But fearing for a nation in dire fiscal straits, Rigell in 2010 threw himself into a crowded GOP primary in Virginia’s Second Congressional District. Despite having donated money to then-candidate Barack Obama in 2008 – a move some thought would be a showstopper in a GOP Virginia primary – he won, riding the Republican wave (and a cool $2 million of his own funds) into the House over freshman Rep. Glenn Nye (D).
He hasn’t been tapped as a rising star by the GOP’s leadership and doesn’t have any sweeping legislative achievements. He’s a low-key member with a seat on the House Armed Services Committee, the political lifeblood of a member from a district studded with military installations, but he hasn’t been at the forefront of Washington’s most high-profile political fights.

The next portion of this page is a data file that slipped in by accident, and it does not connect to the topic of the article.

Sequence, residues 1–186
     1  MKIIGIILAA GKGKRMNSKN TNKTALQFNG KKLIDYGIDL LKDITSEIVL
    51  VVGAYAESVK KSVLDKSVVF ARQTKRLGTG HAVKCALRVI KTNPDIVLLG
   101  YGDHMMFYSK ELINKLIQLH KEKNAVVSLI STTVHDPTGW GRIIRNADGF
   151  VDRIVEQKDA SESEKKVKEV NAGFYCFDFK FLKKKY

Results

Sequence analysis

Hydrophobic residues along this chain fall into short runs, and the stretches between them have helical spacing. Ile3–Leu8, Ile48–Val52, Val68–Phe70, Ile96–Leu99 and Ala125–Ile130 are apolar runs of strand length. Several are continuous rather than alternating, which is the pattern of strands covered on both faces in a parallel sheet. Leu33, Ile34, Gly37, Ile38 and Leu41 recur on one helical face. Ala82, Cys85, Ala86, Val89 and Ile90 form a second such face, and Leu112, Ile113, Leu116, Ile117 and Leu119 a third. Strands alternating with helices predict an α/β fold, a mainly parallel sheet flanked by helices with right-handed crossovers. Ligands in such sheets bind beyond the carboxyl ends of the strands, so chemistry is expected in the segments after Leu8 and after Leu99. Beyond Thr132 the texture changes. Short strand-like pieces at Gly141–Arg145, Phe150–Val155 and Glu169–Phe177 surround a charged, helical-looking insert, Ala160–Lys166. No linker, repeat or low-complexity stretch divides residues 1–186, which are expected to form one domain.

But many who have met Rigell say he has a particular skill that many politicos claim to posses: He not only listens, but he actually hears what people say.
Quentin Kidd, a professor of politics at Christopher Newport University in Virginia Beach, sidled up to Rigell at a Boy Scout event and introduced himself as a new constituent. When Mr. Kidd mentioned where he lived, Rigell told him, “ ‘I need to get over there and learn the issues and meet people.’ I appreciated that because a lot of people would act like they already knew a good part of the district.... I think that’s his character," Kidd said.
And when what Rigell hears doesn’t make sense, he goes after the facts.